Toymaker Grabs The National Spotlight For Little Green Army Women

By Jon O’Connell
The Times-Tribune, Scranton, Pa.

WWR Article Summary (tl;dr) A 6-year-old girl from Arkansas led the effort to get a toymaker to start creating little green army WOMEN along with the male figures the company was already producing.


Her feet might be stuck to a little plastic platform, but a new twist on an old toy is off and running.

North Scranton toymaker Jeff Imel, owner of BMC Toys, whose little green army men are mostly cast from decades-old male soldier molds, had been kicking around the idea of making green army women for years.

A letter he received from a 6-year-old girl named Vivian from Little Rock, Arkansas, last month — and the deluge of media interest after he blogged about it — triggered him to act.

Women are in the army, too, Vivian said. So why can’t girls like her buy green army women?

” … So (please) can you make army girls that look like women. I would play with them (every day) and my (friends) would, (too)!” she wrote in the letter.

Imel, 49, is in the final stages of designing four female figurines in full battle gear, posed for action.

They should be ready for market by Christmas 2020.

With few exceptions, no toy company has translated the iconic toy into a woman. One reason: most of the toys are modeled after World War I and World War II fighters, and women rarely fought in those wars.

The toymaker has one woman figurine, circa 1950s, who carries a lantern. It’s a nod to the 19th century British military nurse and reformer Florence Nightingale, who was known as “the lady with the lamp,” but that’s about it. Most tiny female figurines cast in solid drab plastic aren’t packing heat.

Empowered women
Imel’s not exactly entering uncharted territory.

Major toy companies have rolled out new lines, fueled by pop culture trends and the equal treatment movement, that barrel into boyhood strongholds.

“We’ve seen small inroads made with inclusion of girls in areas that are traditionally more boy oriented. The first is with action heroes,” said Juli Lennett, a U.S. toy industry analyst for the market research firm NPD Group.

“There have been a number of female action heroes, tied to TV and movies that have been re-created in the toy aisle,” she said.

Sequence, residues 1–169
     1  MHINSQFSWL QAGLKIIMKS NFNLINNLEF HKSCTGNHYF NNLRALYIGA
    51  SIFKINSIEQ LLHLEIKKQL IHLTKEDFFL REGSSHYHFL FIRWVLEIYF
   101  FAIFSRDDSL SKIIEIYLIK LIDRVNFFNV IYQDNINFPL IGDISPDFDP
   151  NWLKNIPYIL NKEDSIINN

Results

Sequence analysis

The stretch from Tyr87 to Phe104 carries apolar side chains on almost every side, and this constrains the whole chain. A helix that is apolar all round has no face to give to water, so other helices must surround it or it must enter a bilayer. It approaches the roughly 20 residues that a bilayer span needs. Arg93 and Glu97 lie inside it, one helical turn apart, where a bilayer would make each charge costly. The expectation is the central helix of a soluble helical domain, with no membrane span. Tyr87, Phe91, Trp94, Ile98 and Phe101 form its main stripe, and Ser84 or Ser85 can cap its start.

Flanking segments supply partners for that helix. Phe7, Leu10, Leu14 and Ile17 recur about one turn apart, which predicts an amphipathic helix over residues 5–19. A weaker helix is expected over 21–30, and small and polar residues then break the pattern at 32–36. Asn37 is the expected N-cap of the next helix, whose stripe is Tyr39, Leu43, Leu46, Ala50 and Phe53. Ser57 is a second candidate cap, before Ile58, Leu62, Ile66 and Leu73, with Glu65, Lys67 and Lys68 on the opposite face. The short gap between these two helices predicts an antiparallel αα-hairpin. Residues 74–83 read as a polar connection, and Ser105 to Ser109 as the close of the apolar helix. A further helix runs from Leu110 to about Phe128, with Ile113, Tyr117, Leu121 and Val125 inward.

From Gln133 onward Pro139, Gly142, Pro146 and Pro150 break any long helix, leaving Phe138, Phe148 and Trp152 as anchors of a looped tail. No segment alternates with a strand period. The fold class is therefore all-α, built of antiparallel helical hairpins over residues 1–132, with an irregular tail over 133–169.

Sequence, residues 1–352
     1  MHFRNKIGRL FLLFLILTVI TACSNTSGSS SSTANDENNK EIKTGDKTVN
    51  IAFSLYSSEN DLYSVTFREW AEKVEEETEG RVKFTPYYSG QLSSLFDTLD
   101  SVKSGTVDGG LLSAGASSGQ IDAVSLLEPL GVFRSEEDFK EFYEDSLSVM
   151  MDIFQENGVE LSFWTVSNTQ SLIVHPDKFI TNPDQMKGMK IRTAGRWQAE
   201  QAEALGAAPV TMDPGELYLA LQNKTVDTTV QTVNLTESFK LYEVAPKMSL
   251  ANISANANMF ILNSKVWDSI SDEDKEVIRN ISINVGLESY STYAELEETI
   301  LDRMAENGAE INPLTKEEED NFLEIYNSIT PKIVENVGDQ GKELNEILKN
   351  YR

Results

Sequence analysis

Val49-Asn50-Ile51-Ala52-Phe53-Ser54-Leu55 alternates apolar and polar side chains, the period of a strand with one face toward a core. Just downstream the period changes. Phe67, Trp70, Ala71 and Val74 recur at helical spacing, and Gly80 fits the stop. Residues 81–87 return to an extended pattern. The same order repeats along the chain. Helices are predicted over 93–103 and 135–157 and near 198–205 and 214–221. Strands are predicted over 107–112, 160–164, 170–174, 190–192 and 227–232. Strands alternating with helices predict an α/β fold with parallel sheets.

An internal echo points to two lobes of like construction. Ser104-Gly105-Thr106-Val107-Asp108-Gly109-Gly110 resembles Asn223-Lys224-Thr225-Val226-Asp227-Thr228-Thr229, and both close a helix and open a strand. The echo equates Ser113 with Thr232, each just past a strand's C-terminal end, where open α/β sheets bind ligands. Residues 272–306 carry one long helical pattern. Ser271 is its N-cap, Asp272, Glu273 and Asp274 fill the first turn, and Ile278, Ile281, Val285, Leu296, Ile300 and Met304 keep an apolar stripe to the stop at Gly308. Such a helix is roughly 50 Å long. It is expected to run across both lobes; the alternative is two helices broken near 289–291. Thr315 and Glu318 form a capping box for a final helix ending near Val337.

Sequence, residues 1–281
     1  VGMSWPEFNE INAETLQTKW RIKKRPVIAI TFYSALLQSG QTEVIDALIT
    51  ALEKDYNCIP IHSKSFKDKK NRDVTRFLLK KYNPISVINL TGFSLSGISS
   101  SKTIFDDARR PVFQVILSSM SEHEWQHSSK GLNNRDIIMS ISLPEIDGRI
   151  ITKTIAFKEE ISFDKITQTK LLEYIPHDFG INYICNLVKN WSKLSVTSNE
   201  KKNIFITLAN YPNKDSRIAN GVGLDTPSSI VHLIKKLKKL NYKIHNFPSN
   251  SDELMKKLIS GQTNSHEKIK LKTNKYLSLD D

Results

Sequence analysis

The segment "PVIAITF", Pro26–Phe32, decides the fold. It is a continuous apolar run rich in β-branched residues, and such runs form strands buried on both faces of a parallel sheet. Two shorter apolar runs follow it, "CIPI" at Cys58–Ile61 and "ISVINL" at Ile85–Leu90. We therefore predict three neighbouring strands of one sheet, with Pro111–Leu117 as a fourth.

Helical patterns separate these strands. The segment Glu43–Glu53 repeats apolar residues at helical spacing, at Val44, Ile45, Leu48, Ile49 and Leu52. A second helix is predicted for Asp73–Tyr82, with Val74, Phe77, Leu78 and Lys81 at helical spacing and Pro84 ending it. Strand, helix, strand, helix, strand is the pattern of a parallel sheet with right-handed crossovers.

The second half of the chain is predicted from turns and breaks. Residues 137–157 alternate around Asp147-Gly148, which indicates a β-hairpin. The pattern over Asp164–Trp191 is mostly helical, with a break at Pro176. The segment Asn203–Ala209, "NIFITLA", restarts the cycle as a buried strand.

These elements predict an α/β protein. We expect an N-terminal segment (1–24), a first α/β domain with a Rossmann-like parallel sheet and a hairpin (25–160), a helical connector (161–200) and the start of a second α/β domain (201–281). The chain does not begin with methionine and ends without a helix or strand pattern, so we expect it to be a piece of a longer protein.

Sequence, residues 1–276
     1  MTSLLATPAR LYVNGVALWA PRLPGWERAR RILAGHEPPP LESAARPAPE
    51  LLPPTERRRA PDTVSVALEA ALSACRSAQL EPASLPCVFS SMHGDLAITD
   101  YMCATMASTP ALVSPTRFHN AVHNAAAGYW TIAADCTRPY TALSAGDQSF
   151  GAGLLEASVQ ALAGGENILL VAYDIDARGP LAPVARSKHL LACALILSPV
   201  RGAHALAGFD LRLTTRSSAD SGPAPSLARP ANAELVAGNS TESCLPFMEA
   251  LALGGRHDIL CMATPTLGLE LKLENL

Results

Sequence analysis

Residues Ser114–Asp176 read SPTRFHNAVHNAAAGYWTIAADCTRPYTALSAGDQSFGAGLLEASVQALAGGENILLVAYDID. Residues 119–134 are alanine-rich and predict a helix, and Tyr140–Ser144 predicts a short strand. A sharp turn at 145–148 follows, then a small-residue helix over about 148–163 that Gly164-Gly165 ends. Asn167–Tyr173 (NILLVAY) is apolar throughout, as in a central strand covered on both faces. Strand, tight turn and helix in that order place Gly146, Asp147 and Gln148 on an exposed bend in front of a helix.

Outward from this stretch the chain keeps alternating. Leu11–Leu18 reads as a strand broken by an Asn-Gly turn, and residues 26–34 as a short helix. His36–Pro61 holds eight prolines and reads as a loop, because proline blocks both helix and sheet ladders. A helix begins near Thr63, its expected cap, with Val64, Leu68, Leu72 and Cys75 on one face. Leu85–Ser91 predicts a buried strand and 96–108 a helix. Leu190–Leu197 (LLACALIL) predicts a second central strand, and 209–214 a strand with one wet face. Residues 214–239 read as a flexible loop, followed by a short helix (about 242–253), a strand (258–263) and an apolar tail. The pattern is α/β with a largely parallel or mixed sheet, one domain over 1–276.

She points to Lego’s 2012 launch of Lego Friends and subsequent lines targeting girls with the stacking block kits, once made mostly for boys.

The Marvel and DC superhero worlds tapped the equality movement with blockbuster films cast around women and women heroes saving the day in step with the boys.

A toy story begins
Imel’s been selling things online since the late 1990s, the dawn of e-commerce. One of his vendors was Bill McMaster, a well-regarded toymaker who founded BMC Toys in 1991.

When McMaster died in 2014, Imel bought the assets of his business.

Now he uses legacy molds that span decades, from the 1950s to his most recent from around 2000, he said. While the BMC toys historically and still are made in China, he’s found ways to bring some production to the U.S. with other molds, including his most recent manufacturer, Northeastern Plastics Inc. on Penn Avenue in Scranton, which puts him closer to the production.

Until now, the only new design he made was a model bunker, and even that modified an existing design.

“It’s expensive to have new molds made,” he said. “This particular project, the plastic army women, soup to nuts, it’s probably the cost of a modest new car.”

Imel serves a slightly higher-end market; for example, a 40-piece playset, cast from a 1950s-era mold, costs almost $15. By comparison, Walmart sells a 144-piece set for around $9.

“I grew up playing with those army men,” said C. Britt Beemer, a Florida-based consumer behavior consultant. “I used to have cherry bombs and make them as mines … seven or eight guys would go flying into the sky.”

Imel’s off to a strong start with appearances in the national news and on toy and military blogs.

But in a world where social media influencers steer retail trends, Beemer suggested getting the toys in the hands of a celebrity, or his or her child, could pour fuel on his rising celebrity.

“Army men have seen a resurgence in sales in the last few years,” Beemer said. “I don’t know how many women would be playing with army men, but anything that’s new is going to get people’s attention so I would give it a shot.”

Distributed by Tribune Content Agency, LLC.

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